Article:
Republican leaders insisted that they would not let the government run out of money at midnight, and would pass a stop-gap measure if a deal could not be reached in time.
The inelegantly named "cromnibus" appropriations bill would fund the government after current funding expires at midnight. But Democratic lawmakers revolted against the must-pass legislation because it includes riders that would gut campaign finance rules and undo provisions in the Dodd-Frank Wall Street reform act designed to curb risky trading at the heart of the 2008 financial crisis.
Trouble started in the morning when the House barely cleared a procedural hurdle to advance the bill, 214 to 212. GOP leaders managed to convince just enough of their unhappy members to stay in line, but 17 Republicans nonetheless spurned their own leadership, angry that the bill isn't conservative enough.
After the rule scraped by, the White House issued a statement urging passage of the omnibus bill, while also asking for the removal of special interest riders. But it did not issue a veto threat -- a move intended to sway some Democrats to support the bill's final passage, especially the 70 Democrats who voted with Republicans to pass a similar Dodd-Frank provision last year.
The White House also expressed disapproval of a short-term funding measure for the Department of Homeland Security, which is funded under the omnibus through Feb. 27, 2015.
Despite its reservations, the White House statement made clear that President Barack Obama would sign the omnibus bill if it clears Congress.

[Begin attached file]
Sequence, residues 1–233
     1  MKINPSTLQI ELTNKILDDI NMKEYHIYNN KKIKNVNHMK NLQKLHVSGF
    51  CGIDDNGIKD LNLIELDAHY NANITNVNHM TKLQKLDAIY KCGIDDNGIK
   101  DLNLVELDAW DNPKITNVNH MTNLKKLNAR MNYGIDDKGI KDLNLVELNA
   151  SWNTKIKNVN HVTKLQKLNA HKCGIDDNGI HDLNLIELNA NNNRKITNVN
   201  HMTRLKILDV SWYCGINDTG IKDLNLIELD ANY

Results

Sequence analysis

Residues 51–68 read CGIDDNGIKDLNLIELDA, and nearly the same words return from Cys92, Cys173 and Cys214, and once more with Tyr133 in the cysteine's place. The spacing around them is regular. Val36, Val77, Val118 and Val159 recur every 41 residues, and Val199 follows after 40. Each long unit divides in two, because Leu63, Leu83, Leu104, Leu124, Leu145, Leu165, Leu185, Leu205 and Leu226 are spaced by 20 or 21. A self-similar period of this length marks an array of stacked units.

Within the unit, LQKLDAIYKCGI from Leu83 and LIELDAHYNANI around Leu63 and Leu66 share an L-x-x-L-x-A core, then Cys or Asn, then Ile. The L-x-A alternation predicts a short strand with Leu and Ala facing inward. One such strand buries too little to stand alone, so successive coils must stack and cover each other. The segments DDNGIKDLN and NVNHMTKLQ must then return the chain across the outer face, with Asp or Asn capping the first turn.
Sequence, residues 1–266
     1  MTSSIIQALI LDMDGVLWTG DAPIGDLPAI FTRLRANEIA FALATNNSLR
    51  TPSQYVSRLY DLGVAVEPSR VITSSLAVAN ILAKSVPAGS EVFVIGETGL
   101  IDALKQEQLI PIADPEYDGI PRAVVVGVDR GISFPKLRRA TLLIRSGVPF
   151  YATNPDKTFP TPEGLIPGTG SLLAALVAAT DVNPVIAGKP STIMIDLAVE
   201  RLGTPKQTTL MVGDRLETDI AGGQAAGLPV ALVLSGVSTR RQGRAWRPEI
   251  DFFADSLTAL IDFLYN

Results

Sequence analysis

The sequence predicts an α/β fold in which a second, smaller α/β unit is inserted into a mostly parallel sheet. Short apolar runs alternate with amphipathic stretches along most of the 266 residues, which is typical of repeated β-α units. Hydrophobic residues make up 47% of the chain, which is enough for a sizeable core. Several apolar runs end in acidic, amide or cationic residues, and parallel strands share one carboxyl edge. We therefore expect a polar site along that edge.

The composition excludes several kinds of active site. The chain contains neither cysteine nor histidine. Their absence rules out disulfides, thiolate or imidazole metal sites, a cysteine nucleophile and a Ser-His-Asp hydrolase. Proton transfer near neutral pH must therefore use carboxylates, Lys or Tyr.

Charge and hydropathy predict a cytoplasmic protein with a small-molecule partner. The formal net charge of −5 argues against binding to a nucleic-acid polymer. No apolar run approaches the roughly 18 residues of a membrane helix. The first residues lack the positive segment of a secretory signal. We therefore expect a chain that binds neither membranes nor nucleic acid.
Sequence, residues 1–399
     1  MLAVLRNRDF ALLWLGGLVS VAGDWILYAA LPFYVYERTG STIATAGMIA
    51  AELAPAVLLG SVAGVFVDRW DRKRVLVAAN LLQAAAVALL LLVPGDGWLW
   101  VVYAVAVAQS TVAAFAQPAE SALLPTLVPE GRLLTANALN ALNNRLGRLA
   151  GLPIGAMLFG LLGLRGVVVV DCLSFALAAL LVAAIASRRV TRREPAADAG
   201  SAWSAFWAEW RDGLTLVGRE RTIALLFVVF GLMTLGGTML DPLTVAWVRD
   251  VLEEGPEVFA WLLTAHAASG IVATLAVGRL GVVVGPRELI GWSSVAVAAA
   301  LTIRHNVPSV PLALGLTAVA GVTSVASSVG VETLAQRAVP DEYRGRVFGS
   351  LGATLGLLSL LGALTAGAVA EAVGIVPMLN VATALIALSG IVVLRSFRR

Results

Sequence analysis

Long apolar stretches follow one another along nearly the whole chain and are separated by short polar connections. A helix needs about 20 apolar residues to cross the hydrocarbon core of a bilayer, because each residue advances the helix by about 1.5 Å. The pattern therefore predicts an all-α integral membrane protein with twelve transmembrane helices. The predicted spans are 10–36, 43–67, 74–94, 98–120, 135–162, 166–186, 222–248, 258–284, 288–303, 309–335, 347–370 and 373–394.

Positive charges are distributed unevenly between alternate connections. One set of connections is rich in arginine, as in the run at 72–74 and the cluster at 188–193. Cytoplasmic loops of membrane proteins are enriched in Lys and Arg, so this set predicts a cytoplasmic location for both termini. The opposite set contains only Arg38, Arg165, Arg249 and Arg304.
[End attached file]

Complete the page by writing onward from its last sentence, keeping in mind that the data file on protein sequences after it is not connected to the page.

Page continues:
But as the day dragged on, no agreement was reached, and House leaders delayed a final vote on the bill. Meanwhile House Speaker John Boehner (R-Ohio) and the White House each were reaching out to lawmakers seeking to change minds. White House Chief of Staff Denis McDonough was dispatched to a meeting in the evening with Democrats.
House Minority Leader Nancy Pelosi (D-Calif.) seemed to sense the measure was in deep trouble, and sent a "dear colleague" letter to her members in the afternoon, urging them to stay united against the bill in spite of the White House's support.
"It is clear from this recess on the floor that the Republicans don’t have enough votes to pass the CRomnibus," Pelosi wrote. "This increases our leverage to get two offensive provisions of the bill removed: the bank bailout and big money for campaigns provision."
But she also signaled her members could vote their consciences. "However you decide to vote in the end, I thank those who continue to give us leverage to improve the bill," she said. "Stay tuned."
Shortly before McDonough arrived, Rep. Nita Lowey (D-N.Y.), the ranking member of the House Appropriations Committee, told reporters she doesn't know how she'll vote. Lowey helped craft the cromnibus and voted for the Dodd-Frank provision last year.
"You'll have to ask the Republicans," she said on her way into the closed Democratic caucus meeting.
Rep. Maxine Waters (D-Calif.), the top Democrat on the Financial Services Committee and a key architect of the revolt against the omnibus bill, said she launched her own whipping operation and told members not to be intimidated by the White House.
"We're fighting anybody who is lobbying for this bill," she said.
Elise Foley contributed reporting. This story has been updated throughout.